We visited Whitby Abbey in North Yorkshire the other day and I promised that I would revisit an article I wrote a few years ago on Hilda of Whitby. It orginally appeared in Tui Motu magazine, an independent Catholic magazine published in New Zealand (www.tuimotu.org ) but I have made a few changes to suit this format.
The abbey was first established in 657 and the ruins today are not the church or monastry that Hilda lived and worked in. As with many churches it has been re-built and re-built and destroyed and destroyed, most famously during the Dissolution of Monastries (Henry VIII) in 1540. Weather has also taken its toll on this building as did the bombing during in 1914 from a German battle cruiser. The ruin now stands proudly on the hill above Whitby and it is quite a sight! The Abbey is now care for by English Heritage.
Hilda seems in a number of ways to be a woman of our times, I certainly would have liked to have known her. She is acknowledged by both Catholic and Anglican traditions. Her feast day is generally acknowledged as being on November 17th (my mother’s birthday) and for some people it is June 23rd (my sister’s birthday) and she is recognised as a teacher (my occupation).
St Hilda was born in Northumbria in 614. Her name was actually Hild which means battle (really? Had they had one, were they anticipating one?) Hilda comes from a period in time where I struggle with some of the language, her father was called Hereric and her mother Breguswith, her sister Hereswith was married to Æthelric whose brother was King Anna of East Anglia, try saying some of those names! And do you know any man called Anna?
Most of what we know about Hilda comes from the Venerable Bede, he writes very positively about her. She became a nun at the age of 33, quite an age in 647, her faith was Celtic and she was strongly influenced by St Aiden of Lindesfarne. Within two years of joining the convent she was asked to be the Abbess of a double monastery in Hartlepool. Double monasteries were not uncommon at this time, women and men lived in separate accommodation but came together for worship. Later Hilda was asked to lead the congregation at Whitby, at this time it was known as Streoneshalh (another interesting word to say!) She stayed here until she died in 680.
Hilda regarded the study of scripture as very important and she was influential in the solid training of priests. She also established the study of the arts and science in the seminary. She held to the ideals of monasticism, all possessions were held in common and peace and charity, specifically love in action (caritas) were practiced. So good was the academic and pastoral training that five of the priests that trained at Whitby became bishops. Hilda was held in high regard by all and people often came to her for advice. She was influential with kings and princes, members of her congregation and people from the local community. She welcomed all people and was commonly referred to as ‘mother’. Hilda always encouraged people to find their true vocation; one well know story is about one of her herdsmen named Caedmon, she encouraged his musical talent and he is believed to have composed one of the first hymns in English. Hilda saw him as being as important in God’s eyes as any member of the nobility.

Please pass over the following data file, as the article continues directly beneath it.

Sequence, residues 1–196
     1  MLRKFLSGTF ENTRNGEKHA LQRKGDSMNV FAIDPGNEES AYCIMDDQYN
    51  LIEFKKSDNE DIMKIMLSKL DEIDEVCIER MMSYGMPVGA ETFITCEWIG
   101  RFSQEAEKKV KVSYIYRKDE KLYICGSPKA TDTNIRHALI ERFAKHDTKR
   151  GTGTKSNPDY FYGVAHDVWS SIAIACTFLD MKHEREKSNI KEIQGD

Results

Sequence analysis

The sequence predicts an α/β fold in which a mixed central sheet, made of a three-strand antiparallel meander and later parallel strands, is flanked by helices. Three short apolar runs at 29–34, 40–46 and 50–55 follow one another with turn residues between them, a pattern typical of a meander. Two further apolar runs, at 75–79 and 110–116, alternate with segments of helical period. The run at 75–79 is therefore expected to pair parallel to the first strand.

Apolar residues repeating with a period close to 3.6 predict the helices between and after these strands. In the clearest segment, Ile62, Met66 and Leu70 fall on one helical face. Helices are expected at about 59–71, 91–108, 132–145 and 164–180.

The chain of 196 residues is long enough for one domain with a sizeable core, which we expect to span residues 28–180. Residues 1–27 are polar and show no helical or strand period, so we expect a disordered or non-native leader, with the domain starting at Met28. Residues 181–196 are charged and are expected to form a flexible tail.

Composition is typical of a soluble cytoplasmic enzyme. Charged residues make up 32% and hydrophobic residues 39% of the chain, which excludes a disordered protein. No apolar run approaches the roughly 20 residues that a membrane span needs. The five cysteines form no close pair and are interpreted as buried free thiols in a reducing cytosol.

In 663 a synod was held at Whitby due to conflict between elements of Celtic tradition and Roman tradition. Issues ranged from what was the proper haircut and dress for a monk, to how to calculate the date for Easter. This was a big issue and the source of great conflict within some communities. It was seen as desirable that all people in the same area celebrate Easter at the same time, Hilda wanted to follow the Celtic tradition but when the decision was made to go with the Roman practice Hilda used her influence to bring about a peaceful acceptance. This was incredibly important in creating unity within the English Church at this time. Prudence is one the gifts recognised in Hilda, not a word many of us use today. This situation at the synod was an excellent example of her prudence: Hilda showed great insight into this situation and used her knowledge and wisdom to work towards a peaceful outcome.
Today Hilda is the patron of learning and culture, many schools are named after her.
What can we learn from Hilda today? For me as a teacher it is the idea of being a mother to those I teach, to encourage all people to find out what God is calling them to be and do, and especially the concept of caritas ‘love in action’, that we put into practice what we learn about our faith. Hilda can also remind us that all people are loved by God….not just those we like or help us achieve our goals.
And how about a potentially controversial idea of considering the value of a wise woman? We have many wise women in our Church whose voices need to be heard. It has been truly interesting to read about a woman whose value was acknowledged and treasured.